The cDNA specific for the M. crystallinum PPDK encodes a precursor polypeptide of 103 kDa processed to a 94 kDa plastidic enzyme (Fiβlthaler 1993; FiβIthaler et al. 1995). This cDNA was introduced into a binary expression-vector (Bevan 1984; FIG. 3). A control construct contains this cDNA in reversed orientation (Δantisense). This reversed cDNA lacked 183 base pairs at its former 5'-end. Both ppdk cDNAs were under control of the constitutive CaMV 35S-promoter. As a control the same vector containing β-glucuronidase (Vancanneyt et al. 1990) instead of ppdk was used. The constructs were transferred by Agrobacterium tumefaciens to a random location of the plant genome. Therefore, individual transformands are expected to vary in the degree of expression (Schell 1987). The control constructs (Δantisense-PPDK and β-glucoronidase) were in all experiments very similar to the wildtype. Further on, they will not always be mentioned.
The heterologous PPDK and ΔPPDK genes were transcribed in tobacco leaves (FIG. 4). Sense- as well as Δantisense mRNA was detected. In comparison to the mRNA level of PPDK in CAM-performing leaves of M. crystallinum, the mRNA level of the heterologous PPDK in the transformands was about 25%. No ppdk mRNA-signal could be obtained from the tobacco wildtype under the hybridization conditions used. PPDK protein could be detected in seeds as well as leaves of PPDK plants (FIG. 5). However, the protein amount of PPDK was much lower than expected on the basis of the Northern analysis (FIG. 1B). In the wildtype or Δantisense plants, no or only minor PPDK amounts could be detected.
FIG. 6 shows that the PPDK-overexpressing tobacco plants had higher PPDK activities as well (PPDK: 125-166% of the wildtype activity). As expected, the degree of PPDK activity varied between individual transgenic plants. The β-glucuronidase control-transformand did not show increased PPDK activity. The PPDK activity of the wildtype was in the same range as reported by others (Edwards et al. 1980; Kisaki et al. 1973).
The evaluation of the productivity of the PPDK-overexpressing tobacco lines revealed that these plants grew faster (FIG. 7) and produced seeds about three weeks earlier than the wildtype.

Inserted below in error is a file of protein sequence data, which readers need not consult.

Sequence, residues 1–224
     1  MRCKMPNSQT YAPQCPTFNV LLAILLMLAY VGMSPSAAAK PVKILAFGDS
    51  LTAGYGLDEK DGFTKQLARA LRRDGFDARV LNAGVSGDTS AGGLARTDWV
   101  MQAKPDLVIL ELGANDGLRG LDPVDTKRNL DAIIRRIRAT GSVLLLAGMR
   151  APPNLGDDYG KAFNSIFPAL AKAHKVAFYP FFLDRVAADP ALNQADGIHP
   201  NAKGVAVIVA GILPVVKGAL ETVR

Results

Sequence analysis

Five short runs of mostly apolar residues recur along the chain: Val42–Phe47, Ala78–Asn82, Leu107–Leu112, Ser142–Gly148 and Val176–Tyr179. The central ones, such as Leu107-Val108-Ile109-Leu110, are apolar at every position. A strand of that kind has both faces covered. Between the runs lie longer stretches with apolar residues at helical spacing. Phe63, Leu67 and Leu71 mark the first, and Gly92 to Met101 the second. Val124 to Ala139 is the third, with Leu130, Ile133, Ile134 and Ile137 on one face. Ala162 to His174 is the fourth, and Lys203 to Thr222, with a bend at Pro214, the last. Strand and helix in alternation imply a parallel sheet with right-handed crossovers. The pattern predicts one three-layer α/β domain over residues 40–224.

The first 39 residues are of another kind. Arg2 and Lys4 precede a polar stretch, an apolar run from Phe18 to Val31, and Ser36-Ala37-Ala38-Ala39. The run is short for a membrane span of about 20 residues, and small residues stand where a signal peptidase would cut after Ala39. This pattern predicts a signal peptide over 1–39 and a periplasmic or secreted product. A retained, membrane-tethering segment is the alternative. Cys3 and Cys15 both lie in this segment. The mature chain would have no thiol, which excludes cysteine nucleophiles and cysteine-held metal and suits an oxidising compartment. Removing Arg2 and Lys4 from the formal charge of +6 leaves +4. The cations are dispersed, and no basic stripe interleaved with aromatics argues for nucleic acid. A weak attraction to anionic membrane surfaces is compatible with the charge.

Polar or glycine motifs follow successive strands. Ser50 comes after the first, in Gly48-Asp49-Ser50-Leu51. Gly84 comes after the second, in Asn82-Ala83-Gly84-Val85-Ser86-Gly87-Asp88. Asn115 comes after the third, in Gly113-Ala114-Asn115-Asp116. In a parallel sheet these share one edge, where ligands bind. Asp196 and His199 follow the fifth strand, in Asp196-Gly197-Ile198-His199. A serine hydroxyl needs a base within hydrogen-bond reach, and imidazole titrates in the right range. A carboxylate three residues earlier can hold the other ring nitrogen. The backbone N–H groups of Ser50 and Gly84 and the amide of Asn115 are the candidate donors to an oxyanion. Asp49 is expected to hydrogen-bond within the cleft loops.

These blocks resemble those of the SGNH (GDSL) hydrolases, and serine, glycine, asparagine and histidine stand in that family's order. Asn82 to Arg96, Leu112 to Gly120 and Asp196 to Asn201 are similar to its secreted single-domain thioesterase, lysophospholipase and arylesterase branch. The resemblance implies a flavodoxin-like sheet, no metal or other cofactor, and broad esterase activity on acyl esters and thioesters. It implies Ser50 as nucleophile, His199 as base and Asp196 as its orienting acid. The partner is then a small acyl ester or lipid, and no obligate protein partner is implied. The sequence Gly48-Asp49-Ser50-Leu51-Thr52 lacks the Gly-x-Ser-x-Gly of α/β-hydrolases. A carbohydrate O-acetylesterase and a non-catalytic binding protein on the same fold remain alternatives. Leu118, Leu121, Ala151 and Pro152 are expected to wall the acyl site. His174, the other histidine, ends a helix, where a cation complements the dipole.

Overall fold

The data in FIG. 8 demonstrate the effect of the additional PPDK on seed production. Strikingly, all eleven lines analysed produced more seeds per seed capsule than the wildtype (=100%). Line PPDK 6 reached the highest value with 174%. This increase in productivity coincided with an increase in the ratio of the weights of seeds per seed capsule. While the wildtype seeds made up 50% of the weight of the seed capsule, the seeds of the PPDK-overexpressing plants made up about 65% of the weight of the seed capsule. In this respect, the most effective line was PPDK 2 with 77%. In addition, the weight of the seed capsule itself was higher for most of the PPDK-overexpressing tobacco lines than for the wildtype. Line PPDK 6 peaked here with 125%. Consistently, most of these lines produced more seeds altogether, too. PPDK 2 was the highest with 185%. Taken together, PPDK-overexpressing plants did not produce more seed capsules than the wildtype, but more seeds per seed capsule (up to 74% more).
The seeds produced by the PPDK-overexpressing tobacco were 90% germinable, similar to the wildtype. Tobacco seeds store mainly lipids (about 48% of the seed weight), sugars and protein but no starch. No significant alterations were detected with regard to weight or composition of seeds of the PPDK-overexpressing plants (FIG. 9). Tobacco seeds accumulate no starch but soluble sugars. The main storage compound were lipids (48% of the seed weight). Free sugars and proteins made up only 8% of the seed weight.
The following conclusions can be drawn from the data: Plants with additional plastidic PPDK grow faster. These plants produce more seeds than the wildtype. The increased seed productivity was due to heavier seed capsules and more seeds per seed capsule. The physiological basis of the increased growth rate and productivity of the PPDK-overexpressing tobacco is poorly understood at present, but is most likely due to refixation of carbon dioxide (see FIG. 1) produced by respiration. The additional plastidic PPDK produces the PEPCase and refixation substrate phosphoenolpyruvate in increased amounts and so, remedies a energy waste and carbon loss bottle-neck. Even the slightest measured increase in activity (125%) initiated increased seed productivity and faster growth rates of the transformands (FIG. 6, 7 and 8).